press and the government used the debate as a venue to discuss issues beyond gender and employment: the state of the empire, the productive power of British industry, and the recovery of the “lost generation” through successful marriages. The solutions
The article deals with the semantic career of virtus as a political concept in the Middle Ages. It traces the different aspects of meaning assigned to this word in four medieval texts, namely St. Augustine's City of God, the Regula Pastoralis of Gregory the Great, the Via Regia of Smaragdus of St. Mihiel, and the Policraticus of John of Salisbury. Using quantitative methods, I analyze the employment of virtus with a focus on its relevance in the political discourse, and I also address the shift in meaning and argumentative capacity that the term undergoes over time. In the end, virtus can be shown to be a highly flexible yet strongly functional term that plays an important role in the conceptions of medieval societies.
Blogs and the Recent History of Dispossessed Academic Labor
Claire Bond Potter
A contemporary history of higher education in the United States is being written on the Internet. Academic bloggers interrupt and circumvent the influence of professional associations over debates about unemployment, contingent labor, publishing, tenure review, and other aspects of creating and maintaining a scholarly career. On the Internet, limited status and prestige, as well as one's invisibility as a colleague, are no barrier to acquiring an audience within the profession or creating a contemporary archive of academic labor struggles. At a moment of financial and political crisis for universities, these virtual historians have increasingly turned their critical faculties to scrutinizing, critiquing, and documenting the neoliberal university. Although blogging has not displaced established sources of intellectual prestige, virtual historians are engaged in the project of constructing their own scholarly identities and expanding what counts as intellectual and political labor for scholars excluded from the world of full-time employment.
Surveillance and the African Immigrant Community in France, 1960-1979
By the early 1960s, an increasing number of Africans migrated to France from their former colonies in West Africa. Most were men hoping to gain employment in several different industries. Their settlement in Paris and other cities signaled the start of "post-colonial" African immigration to France. While scholars have analyzed several facets of this migration, they often overlook the ways in which France's role as a colonial power in West Africa impacted the reception of these immigrants after 1960, where surveillance played a critical role. Colonial regimes policed and monitored the activities of indigenous populations and anyone else they deemed problematic. The desire to understand newly arriving immigrant groups and suspicion of foreign-born populations intersected with the state's capacity to monitor certain groups in order to regulate and control them. While not physically violent, these surveillance practices reflected the role that symbolic violence played in the French government's approach to this post-colonial immigrant population.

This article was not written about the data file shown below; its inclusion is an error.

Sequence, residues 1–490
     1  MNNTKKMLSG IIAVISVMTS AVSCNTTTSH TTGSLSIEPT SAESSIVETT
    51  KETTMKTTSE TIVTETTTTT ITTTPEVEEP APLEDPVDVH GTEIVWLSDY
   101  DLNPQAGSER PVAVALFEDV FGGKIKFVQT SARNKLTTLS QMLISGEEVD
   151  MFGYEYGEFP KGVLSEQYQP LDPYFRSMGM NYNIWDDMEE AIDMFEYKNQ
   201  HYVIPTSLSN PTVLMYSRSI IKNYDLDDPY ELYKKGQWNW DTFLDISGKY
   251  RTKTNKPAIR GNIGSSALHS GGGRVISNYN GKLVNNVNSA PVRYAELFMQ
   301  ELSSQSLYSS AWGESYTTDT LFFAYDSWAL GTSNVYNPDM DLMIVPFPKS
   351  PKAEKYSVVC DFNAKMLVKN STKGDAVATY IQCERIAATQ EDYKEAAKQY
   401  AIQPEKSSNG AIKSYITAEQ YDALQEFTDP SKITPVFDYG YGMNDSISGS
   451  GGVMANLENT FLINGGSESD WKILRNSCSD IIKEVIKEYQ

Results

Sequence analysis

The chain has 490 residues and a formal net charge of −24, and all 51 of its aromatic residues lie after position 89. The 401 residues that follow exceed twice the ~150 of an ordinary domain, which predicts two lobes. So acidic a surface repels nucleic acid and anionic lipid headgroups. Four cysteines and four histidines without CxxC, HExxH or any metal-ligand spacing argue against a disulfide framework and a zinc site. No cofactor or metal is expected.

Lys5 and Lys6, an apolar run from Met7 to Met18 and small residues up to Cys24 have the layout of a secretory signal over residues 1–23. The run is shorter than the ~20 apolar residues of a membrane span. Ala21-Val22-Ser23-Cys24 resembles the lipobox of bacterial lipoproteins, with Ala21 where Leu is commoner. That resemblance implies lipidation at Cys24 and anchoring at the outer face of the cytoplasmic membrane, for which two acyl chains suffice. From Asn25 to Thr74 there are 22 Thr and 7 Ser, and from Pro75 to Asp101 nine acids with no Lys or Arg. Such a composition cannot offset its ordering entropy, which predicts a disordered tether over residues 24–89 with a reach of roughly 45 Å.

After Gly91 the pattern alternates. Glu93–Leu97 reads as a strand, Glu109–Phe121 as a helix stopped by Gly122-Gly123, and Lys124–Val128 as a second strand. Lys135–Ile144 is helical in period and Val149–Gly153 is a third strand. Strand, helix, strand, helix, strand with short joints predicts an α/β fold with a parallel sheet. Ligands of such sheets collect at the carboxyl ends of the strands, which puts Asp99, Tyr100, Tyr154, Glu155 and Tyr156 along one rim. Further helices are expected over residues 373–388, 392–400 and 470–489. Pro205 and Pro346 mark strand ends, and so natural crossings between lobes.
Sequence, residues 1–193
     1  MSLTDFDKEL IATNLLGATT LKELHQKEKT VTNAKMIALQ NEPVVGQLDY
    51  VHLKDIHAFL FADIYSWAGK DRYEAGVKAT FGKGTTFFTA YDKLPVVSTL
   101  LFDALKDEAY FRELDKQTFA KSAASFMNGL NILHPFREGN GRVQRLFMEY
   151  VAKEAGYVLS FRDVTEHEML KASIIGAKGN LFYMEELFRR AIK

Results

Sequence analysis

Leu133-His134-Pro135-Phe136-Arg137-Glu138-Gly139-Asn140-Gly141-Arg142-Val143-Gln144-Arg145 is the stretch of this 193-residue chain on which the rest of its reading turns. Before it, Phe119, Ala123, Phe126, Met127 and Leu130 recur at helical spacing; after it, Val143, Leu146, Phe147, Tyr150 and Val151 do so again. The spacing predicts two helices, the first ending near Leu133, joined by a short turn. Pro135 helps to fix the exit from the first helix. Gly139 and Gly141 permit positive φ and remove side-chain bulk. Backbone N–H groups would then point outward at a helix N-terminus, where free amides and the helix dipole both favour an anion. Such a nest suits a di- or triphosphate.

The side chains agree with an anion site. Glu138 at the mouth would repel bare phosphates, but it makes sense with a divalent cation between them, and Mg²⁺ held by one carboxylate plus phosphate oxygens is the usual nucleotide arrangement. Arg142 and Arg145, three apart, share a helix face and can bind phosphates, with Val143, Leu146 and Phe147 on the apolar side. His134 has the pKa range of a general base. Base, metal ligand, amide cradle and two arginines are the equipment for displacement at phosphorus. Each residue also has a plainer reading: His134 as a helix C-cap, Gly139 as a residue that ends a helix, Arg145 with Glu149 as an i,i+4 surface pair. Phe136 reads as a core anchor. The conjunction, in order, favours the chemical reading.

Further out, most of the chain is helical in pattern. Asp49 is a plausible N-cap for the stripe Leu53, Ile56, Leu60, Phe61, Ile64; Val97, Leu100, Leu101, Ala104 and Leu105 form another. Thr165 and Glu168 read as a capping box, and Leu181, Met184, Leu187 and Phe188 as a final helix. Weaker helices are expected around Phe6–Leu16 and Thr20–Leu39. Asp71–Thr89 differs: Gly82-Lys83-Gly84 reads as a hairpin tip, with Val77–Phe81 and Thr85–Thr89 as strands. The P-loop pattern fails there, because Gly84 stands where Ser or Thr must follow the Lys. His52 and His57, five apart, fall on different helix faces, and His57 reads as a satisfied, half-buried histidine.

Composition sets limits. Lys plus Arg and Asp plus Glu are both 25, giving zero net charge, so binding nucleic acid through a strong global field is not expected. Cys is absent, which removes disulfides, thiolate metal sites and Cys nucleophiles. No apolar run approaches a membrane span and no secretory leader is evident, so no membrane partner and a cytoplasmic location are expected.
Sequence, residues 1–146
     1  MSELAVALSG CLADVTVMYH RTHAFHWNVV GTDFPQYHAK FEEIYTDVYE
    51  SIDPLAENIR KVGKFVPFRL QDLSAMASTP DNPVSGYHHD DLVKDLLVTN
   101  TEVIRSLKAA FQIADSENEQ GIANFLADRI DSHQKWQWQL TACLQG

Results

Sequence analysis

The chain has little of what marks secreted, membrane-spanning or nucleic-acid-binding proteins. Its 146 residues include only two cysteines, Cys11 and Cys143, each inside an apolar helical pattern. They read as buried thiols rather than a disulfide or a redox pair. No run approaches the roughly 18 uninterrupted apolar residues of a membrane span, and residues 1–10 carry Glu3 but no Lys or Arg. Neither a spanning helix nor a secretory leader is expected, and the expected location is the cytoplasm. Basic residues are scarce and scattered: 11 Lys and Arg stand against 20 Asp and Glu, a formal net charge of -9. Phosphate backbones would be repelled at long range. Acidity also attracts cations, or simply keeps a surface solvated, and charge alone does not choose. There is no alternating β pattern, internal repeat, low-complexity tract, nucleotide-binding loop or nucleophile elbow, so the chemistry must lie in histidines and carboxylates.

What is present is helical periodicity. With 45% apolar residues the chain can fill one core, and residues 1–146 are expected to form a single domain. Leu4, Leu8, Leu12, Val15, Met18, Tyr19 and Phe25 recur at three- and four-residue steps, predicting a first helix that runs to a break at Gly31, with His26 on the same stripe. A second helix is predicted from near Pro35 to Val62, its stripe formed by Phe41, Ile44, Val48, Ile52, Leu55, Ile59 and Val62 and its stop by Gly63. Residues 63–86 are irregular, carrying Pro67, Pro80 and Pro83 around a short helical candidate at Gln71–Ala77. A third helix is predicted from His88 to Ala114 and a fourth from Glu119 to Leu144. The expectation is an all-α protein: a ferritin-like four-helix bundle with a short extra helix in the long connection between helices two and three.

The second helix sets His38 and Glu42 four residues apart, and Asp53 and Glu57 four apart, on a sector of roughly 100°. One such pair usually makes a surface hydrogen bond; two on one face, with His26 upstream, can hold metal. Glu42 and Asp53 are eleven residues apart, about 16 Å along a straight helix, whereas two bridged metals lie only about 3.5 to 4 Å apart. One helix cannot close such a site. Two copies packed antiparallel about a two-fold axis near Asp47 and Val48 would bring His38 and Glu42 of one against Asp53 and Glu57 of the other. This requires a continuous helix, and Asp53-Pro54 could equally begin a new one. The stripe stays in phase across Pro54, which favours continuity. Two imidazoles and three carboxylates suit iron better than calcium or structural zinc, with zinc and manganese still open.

Katherine Weikert and Elena Woodacre
gender in the Middle Ages. In 2014 at Winchester, the topic for discussion was “gender and status.” This topic was specifically chosen for the potential fruitfulness of the idea: gender and status could encompass ideas such as social status, employment
On the Political and Ideological Implications of Capitalism's Subordination of Democracy
capitalist investment for employment and for the strength of the economy more generally ( Held 1996: 215 ; Wright and Rogers 2011: 343-345 ). As even Marx (1963: 215; 1978: 210-211; 1978: 217) recognized, the lot of ordinary working people is more tolerable
Klaus Oschema, Mette Thunø, Evan Kuehn, and Blake Ewing
are met with skepticism. Nonetheless, empathy itself has entered public use regardless of its theoretical employment. And, as Matravers points out throughout his book, it continues to offer insight for specialists even today, notably among cognitive
A Revised Typology of Coercion and Repression in Liberal Democracies
-violent forms of repression used in “secure democracies” leads to upholding hypotheses presupposing the non-violent nature of democracies in the first place. Of course, the employment of such narrow definitions is directly linked to the quantitative character of
Democratic Theory in a Time of Defiance
Jean-Paul Gagnon and Emily Beausoleil
first is that these surges of populist politics from the Left and Right, and the disaffection that propels them, are rooted in citizens’ sense of political powerlessness ( Stoker and Evans 2014 ). Whether declining local industry, employment, and
Prospects for Democratizing Democracy
equality at its bosom, and on the other hand it is a technique of governing resting on the employment of popular consent to restrain claims for equality and justice and on the manipulation of public opinion through management of mass communication